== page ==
Article
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Expectations about the shape of statistical interactions play a crucial role in the study of differential susceptibility and other types of person–environment interplay. These expectations shape methodological guidelines and inform the interpretation of empirical findings; however, their logic has never been explicitly examined. This study is the f...
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Baumert and colleagues make a compelling case for integration in personality research, but fall short of presenting a convincing program for achieving it. I argue that evolution is the “missing catalyst” of integration and that the field is destined to remain fragmented until it fully embraces the evolutionary paradigm. I illustrate the heuristic a...
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Statistical tests of differential susceptibility have become standard in the empirical literature, and are routinely used to adjudicate between alternative developmental hypotheses. However, their performance and limitations have never been systematically investigated. In this paper I employ Monte Carlo simulations to explore the functioning of thr...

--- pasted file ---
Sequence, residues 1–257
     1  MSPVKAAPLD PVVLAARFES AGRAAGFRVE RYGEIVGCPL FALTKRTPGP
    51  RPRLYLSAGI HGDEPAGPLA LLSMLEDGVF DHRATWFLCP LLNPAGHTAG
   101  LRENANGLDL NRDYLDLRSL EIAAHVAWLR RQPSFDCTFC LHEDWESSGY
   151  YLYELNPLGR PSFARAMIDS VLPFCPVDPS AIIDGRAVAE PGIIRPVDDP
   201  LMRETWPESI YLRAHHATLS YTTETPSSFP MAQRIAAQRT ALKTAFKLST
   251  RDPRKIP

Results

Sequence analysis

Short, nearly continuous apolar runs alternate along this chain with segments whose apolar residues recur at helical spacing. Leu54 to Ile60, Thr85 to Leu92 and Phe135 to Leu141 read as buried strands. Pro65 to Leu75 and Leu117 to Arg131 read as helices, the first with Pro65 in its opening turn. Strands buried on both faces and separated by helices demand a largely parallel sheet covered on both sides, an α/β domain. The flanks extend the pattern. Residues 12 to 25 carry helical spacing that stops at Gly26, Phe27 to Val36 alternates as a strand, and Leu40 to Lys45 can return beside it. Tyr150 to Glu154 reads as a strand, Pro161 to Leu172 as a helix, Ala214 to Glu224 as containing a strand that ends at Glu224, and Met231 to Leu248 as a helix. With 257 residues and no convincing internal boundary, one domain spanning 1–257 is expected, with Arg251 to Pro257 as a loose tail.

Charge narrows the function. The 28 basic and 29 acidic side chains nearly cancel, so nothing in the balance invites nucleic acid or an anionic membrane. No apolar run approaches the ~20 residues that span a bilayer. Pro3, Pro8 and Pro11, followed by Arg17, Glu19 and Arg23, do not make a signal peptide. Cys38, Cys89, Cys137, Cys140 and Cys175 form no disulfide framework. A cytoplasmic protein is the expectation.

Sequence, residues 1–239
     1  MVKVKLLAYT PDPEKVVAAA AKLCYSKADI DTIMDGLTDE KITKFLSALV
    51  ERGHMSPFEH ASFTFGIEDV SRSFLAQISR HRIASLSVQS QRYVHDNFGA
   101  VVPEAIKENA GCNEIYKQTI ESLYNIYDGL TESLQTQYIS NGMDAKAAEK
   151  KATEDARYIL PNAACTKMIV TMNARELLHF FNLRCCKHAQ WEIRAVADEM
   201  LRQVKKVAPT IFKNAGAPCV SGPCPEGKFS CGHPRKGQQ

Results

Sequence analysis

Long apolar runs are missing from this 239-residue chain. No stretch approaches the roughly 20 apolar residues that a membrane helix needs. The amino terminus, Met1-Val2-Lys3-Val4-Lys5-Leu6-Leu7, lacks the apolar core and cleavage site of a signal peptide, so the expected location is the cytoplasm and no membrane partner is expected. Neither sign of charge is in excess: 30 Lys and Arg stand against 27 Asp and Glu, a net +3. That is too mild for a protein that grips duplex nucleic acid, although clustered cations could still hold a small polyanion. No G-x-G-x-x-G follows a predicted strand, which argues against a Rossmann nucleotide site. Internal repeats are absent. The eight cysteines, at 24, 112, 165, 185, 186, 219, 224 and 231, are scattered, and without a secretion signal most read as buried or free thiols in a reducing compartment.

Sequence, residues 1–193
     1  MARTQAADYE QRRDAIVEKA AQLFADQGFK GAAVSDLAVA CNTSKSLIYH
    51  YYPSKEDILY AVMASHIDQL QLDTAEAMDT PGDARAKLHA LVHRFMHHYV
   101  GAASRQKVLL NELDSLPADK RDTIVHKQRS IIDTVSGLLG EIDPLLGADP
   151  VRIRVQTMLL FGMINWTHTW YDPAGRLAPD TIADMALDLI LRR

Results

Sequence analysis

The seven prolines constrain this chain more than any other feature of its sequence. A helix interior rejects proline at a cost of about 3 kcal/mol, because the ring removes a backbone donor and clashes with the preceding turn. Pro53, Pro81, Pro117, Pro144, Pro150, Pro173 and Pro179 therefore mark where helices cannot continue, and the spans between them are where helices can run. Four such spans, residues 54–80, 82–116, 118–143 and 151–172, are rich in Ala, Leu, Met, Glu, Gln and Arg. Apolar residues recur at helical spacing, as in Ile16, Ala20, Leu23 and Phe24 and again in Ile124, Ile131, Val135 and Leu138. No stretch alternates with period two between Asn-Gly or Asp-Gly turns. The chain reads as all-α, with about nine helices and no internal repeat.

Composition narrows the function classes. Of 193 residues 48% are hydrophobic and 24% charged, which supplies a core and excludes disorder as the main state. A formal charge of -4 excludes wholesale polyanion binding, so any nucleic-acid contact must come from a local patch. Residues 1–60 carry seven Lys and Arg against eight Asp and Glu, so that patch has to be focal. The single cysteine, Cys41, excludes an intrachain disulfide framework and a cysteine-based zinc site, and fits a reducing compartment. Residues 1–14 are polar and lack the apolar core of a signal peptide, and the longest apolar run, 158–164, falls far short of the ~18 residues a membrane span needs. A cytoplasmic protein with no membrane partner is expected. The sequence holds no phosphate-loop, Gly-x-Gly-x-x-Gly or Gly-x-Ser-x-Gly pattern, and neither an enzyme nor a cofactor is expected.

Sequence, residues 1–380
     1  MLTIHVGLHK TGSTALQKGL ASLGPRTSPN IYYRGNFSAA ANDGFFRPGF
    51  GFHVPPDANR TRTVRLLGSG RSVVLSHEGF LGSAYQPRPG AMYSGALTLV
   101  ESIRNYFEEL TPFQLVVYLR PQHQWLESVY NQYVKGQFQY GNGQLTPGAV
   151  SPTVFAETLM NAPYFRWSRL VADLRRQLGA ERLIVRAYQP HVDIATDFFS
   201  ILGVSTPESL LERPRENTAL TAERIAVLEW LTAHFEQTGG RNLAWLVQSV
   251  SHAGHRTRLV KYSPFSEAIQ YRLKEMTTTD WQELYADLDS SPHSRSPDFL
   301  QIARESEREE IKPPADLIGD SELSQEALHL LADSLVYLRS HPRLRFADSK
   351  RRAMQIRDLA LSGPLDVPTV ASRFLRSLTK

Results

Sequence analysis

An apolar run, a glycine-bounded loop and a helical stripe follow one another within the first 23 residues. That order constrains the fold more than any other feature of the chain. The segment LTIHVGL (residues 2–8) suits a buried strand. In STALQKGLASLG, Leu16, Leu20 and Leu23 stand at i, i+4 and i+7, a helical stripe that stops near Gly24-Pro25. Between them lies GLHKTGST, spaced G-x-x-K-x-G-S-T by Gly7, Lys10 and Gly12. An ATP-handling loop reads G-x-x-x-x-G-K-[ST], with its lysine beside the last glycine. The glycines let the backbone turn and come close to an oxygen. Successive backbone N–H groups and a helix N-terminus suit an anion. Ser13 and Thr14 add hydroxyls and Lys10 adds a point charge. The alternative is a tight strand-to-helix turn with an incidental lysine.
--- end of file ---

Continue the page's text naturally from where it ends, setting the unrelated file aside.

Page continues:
Article
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The Mahalanobis distance D is the multivariate generalization of Cohen’s d, and can be used as a standardized effect size for multivariate differences between groups. An important issue in the interpretation of D is heterogeneity, that is, the extent to which contributions to the overall effect size are concentrated in a small subset of variables r...
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According to models of differential susceptibility, the same neurobiological and temperamental traits that determine increased sensitivity to stress and adversity also confer enhanced responsivity to the positive aspects of the environment. Differential susceptibility models have expanded to include complex developmental processes in which genetic...
Article
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In their widely publicized paper, Joel et al. (1) make two empirical claims about sex differences in features of the human brain: (i) “…internal consistency [in individuals’ sex-differentiated brain features] is rare” (p. 15472) and (ii) the amount of overlap in sex-differentiated features of male and female brains “undermines any attempt to distin...
Article
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In recent years, tremendous progress has been made in mapping the structure of comorbidity between psychiatric disorders. In particular, empirical findings have suggested the existence of a general p factor of susceptibility to psychopathology. In the present study, simulation methods were used to test whether the observed structure of psychiatric...
Chapter
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In this chapter we situate developmental psychopathology in an evolutionary perspective and demonstrate how the discipline can benefit by embracing modern biological theory. We begin by presenting the integrative approach of evolutionary-developmental psychology and exploring the interplay between adaptation and maladaptation in the origin of disor...